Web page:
Is if fair to change a dog’s name?
My personal feeling is the exact opposite of what everyone else seems to say. The prevailing belief is that it’s okay to change your dog’s name.
But our family decided we couldn’t. We just couldn’t do it.
We adopted our first family dog from a no-kill shelter. He was a 3 1/2-year-old Cocker Spaniel.
He answered to “Buddy.”
This I believe was the name given by his previous owners. (Oftentimes shelters name dogs they find on the streets.)
Unlike a lot of dogs in shelters, Buddy had a history. He had a previous owner.
We were told they could no longer afford to keep him. I’m grateful they brought him to a no-kill shelter.
No one in our house was thrilled with the name “Buddy.” So we decided upon another one. I forget what it was though.
We started using it. Or trying to. Our dog didn’t answer to it.
However, calling him “Buddy” got his attention.
I’m sure we could have trained him to respond to a new name. But, at that point, why?
Is It Fair To Change a Dog’s Name?
Buddy had been our dog’s name for his entire life. Now, it was the only constant in his life. Everything else had changed.
So why not just keep the name?
After being in a shelter, our dog had to get used to a new home. A new family. New rules. New expectations.
No, he can’t jump on the table. He needs to stay off the counters. He better not growl at his new master.
With so many adjustments, making him respond to a new name seemed unnecessary.
Our newly adopted dog was stressed enough. Having a new family was a good thing. He just didn’t realize it yet.
Can You Rename A Dog?
Yes, you can rename a dog. Eventually he or she will respond to the new name.
But should you?
In our case we decided not to, for a myriad of reasons.
And, in retrospect, I’m glad we didn’t. Moving into a new home was very stressful. I think this is one of the reasons he acted out so much, jumping on high surfaces and growling if we tried to move him off the bed.
The stress of being adopted was on top of the stress of remaining in a shelter for several months. He was caged and surrounded by a lot of big, loud dogs. I think this is why he never liked being around other dogs.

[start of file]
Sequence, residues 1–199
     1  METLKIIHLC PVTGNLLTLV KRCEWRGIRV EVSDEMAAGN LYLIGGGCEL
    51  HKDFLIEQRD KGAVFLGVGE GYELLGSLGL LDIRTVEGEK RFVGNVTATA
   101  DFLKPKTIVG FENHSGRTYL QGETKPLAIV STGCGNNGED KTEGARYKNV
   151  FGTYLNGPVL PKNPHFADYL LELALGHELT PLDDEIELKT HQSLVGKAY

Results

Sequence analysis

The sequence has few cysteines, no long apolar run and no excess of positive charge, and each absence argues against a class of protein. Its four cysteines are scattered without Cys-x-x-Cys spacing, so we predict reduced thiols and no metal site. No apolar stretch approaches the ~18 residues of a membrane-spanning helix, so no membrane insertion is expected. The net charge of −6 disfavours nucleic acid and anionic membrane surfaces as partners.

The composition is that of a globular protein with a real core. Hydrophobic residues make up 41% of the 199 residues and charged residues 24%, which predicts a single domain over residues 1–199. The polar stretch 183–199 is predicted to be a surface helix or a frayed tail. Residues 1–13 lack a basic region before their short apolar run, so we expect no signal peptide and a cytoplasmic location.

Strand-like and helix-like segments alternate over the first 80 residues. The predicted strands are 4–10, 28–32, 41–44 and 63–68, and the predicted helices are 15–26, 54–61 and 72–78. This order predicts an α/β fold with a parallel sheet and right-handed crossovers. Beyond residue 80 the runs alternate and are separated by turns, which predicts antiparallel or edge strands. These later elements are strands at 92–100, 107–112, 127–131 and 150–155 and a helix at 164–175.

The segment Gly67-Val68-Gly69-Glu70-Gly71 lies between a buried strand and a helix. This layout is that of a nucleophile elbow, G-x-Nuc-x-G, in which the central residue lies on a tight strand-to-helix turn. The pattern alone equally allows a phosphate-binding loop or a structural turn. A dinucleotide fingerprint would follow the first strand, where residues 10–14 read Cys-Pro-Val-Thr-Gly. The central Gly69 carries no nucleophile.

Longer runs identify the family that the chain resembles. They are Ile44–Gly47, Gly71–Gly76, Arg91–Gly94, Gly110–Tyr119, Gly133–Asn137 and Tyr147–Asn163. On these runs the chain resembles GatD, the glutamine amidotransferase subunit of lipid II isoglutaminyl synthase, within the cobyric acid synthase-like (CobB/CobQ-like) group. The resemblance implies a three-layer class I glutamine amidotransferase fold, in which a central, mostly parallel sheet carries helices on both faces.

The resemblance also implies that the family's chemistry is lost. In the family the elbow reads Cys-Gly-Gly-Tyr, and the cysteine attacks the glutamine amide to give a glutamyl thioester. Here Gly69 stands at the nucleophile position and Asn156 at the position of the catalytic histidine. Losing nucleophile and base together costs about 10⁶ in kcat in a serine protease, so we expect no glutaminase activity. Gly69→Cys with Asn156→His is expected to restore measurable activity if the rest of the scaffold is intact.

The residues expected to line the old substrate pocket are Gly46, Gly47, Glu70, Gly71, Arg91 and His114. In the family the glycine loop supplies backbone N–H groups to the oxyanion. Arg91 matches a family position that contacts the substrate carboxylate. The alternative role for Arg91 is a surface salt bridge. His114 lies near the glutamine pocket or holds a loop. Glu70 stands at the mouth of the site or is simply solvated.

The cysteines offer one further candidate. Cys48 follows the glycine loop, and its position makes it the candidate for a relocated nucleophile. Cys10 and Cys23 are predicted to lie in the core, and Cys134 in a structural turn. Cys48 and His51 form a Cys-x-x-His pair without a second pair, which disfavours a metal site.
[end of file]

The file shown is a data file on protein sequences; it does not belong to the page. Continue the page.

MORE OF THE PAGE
So, in the end, we decided our dog didn’t need a new name. We’d continue to call him Buddy.
Changing A Dog’s Name After Six Months
Maybe, in the long run, it wouldn’t have made a difference if we changed our dog’s name well after he was an adult.
But keeping the name meant one less adjustment.
Even though I’m not an animal healthcare expert, I’ve been devoted to natural dog care. Our dog is now pushing 17, and he’s in pretty good health, considering his age.
We do know that stress is bad for the body. This is true for dogs, as well as for humans.
I don’t need an advanced veterinary degree to know that it’s a good idea to avoid unnecessary stress.
Realistically, it probably wouldn’t have hurt our dog’s health to change his name. On the other hand, why pile stress upon stress?
In the end, we’re glad we didn’t take Buddy’s name away. It’s who he is. It’s who he was.
Even if eventually he would have responded to whatever name we gave him.
In our case, it probably would have taken Buddy longer to respond to a new name, compared to the average dog.
As a younger dog, he was difficult to train. (Now that he is nearly 17 and has dementia, he’s impossible to train.)
Whether this was due to stubbornness or lack of intelligence we don’t know. But it probably wouldn’t have been easy to introduce a new name.
So keeping Buddy’s original name probably meant less stress on everyone.
How To Teach A Dog Its New Name
However, sometimes you just can’t live with a dog’s name.
Or, if you adopted your dog from a shelter, someone else may have named him, and the name may inappropriate or offensive.
So you do want to change it. (If it’s offensive you’ll need to change it.)
From what I’ve read it’s definitely possible to change a dog’s name and your pet will adjust.
Here’s what to do, according to the animal site petfinder.com:
- After you choose the new name for your dog, try pairing it with a treat. Give him a treat for a few days even if he doesn’t respond to the name. Soon he will respond to the name because he associates it with something good.